When I built my assembly table, I prioritised the flatness of torsion box over flexibility of MFT. I know it's possible to have both MFT and torsion box in same table, but I wanted to get it done, and use it for a while instead of trying to design and build the perfect solution without really knowing what I care about yet. The other work surface in my shop is a fold-down outfeed table on the TS.

    I guess I could use an MFT top that is stored in sheet rack, and only used for breakdown, but I don't see the point, I'm pretty happy to cut freehand and slightly oversize, keeping track of reference edges, then clean up and cut to final dimensions on table saw.

    Track saw purists would say its faster to cut once, and they'd be right. But it's only faster if that's what you're set up for!

  7. #21
    Join Date
    Jun 2005
    Location
    Helensburgh
    Posts
    6,956

    Default

    Quote Originally Posted by rogerwilco View Post
    That looks like a giant faff TBH.
    I only offered it as an alternative but each to their own.

  8. #22
    Join Date
    Feb 2016
    Location
    Canberra
    Posts
    4,173

    Default

    None of your fancy pants MFT benches and sexy heated workshops!

    Mate, I have it as rough as guts Thats my cut up table, I flip it onto the "picnic" table, ah... workbench

    This sheet, drilled as I have with the PARF, lets me hyper-accurately cut up sheets, part-sheets and timber into components. They can them be finished by hand tools.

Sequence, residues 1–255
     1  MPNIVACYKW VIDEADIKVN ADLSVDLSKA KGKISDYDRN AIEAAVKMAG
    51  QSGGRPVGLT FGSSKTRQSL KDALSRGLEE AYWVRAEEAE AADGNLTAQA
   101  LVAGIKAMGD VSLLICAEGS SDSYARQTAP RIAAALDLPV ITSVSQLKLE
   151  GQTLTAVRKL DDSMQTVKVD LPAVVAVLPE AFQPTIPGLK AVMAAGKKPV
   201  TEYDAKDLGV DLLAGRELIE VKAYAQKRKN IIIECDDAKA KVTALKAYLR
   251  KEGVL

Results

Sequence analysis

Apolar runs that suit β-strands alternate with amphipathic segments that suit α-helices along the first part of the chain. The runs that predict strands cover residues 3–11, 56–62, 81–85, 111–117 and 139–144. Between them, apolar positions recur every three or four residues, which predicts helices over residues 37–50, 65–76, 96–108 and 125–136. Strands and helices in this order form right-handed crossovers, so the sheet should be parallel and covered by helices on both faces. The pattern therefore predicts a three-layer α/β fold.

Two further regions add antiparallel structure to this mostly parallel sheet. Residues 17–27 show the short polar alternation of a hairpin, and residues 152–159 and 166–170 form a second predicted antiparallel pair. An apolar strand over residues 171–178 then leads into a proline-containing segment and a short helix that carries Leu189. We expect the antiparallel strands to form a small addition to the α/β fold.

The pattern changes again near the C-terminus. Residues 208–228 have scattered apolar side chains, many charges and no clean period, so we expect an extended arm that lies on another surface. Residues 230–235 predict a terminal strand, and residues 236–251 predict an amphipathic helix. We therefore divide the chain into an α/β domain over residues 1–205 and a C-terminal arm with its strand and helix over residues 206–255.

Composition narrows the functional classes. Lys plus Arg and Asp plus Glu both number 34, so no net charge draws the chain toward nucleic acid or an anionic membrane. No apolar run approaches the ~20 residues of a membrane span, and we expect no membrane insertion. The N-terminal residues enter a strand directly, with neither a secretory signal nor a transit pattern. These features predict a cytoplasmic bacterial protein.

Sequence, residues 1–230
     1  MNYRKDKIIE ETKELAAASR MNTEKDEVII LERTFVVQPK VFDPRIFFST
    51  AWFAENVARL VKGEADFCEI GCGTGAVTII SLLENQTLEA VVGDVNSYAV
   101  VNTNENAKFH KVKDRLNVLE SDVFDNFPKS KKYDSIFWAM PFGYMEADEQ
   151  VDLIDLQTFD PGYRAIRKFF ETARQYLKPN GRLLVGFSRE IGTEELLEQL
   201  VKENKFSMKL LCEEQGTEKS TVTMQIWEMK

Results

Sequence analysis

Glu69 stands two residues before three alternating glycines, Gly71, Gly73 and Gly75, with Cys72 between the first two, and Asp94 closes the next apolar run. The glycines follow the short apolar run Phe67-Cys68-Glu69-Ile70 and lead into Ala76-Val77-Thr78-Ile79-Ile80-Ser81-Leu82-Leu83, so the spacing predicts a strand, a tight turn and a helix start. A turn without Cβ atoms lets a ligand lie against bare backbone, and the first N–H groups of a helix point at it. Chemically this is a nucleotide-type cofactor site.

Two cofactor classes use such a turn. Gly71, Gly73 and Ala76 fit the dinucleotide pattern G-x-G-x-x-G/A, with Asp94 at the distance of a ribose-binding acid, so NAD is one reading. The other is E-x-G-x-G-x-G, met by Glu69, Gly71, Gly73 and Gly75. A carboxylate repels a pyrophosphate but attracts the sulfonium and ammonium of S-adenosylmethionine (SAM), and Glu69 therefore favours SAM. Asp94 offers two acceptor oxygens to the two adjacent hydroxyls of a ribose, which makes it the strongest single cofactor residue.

A few more holes in some places would be better, but not really necessary.

    Decent view, but noisy

    IMG_20210614_163434.jpg

  9. #23
    Join Date
    Feb 2016
    Location
    Canberra
    Posts
    4,173

    Default

    Quote Originally Posted by Chris Parks View Post
    This guy does an MFT top without the expense of the PARF system but getting it done on a CNC would not be too expensive and a whole lot less trouble.
    Clever.

    I liked these Bench Dogs he referenced--> Bench Dogs – Benchdogs

  10. #24
    Join Date
    Aug 2013
    Location
    Mullumbimby NSW
    Posts
    121

    Default

    I'm with barri in this - have a small one (750x420x100), a long one with sliding hinged stops (1250x450x100) and a large one (1000x700x100) and use them every day. I gave up on MDF (bad for my lungs, bad for my tools) and now use marine ply. Also use those UHMW poly runners from Carbatec and found William Ng's technique for getting the sled square works very well, its fiddly but worth it. Heres the link 5 Cuts to a "Perfect" Cross-Cut Sled - YouTube

  11. #25
    Join Date
    Jul 2010
    Location
    Brunswick VIC
    Age
    39
    Posts
    86

    Default

    Quote Originally Posted by Chris Parks View Post
    I only offered it as an alternative but each to their own.
    For sure! Some folks would love this, and it is definitely smart.

  12. #26
    Join Date
    Jul 2010
    Location
    Brunswick VIC
    Age
    39
    Posts
    86

    Default

    Quote Originally Posted by woodPixel View Post
    Thats my cut up table, I flip it onto the "picnic" table, ah... workbench

    This sheet, drilled as I have with the PARF, lets me hyper-accurately cut up sheets, part-sheets and timber into components. They can them be finished by hand tools.

    A few more holes in some places would be better, but not really necessary.

    IMG_20210614_163434.jpg
    I like this.

    Also watched the Peter Parfitt video, which gave me a better understanding of how bench dogs are used. Makes a lot of sense.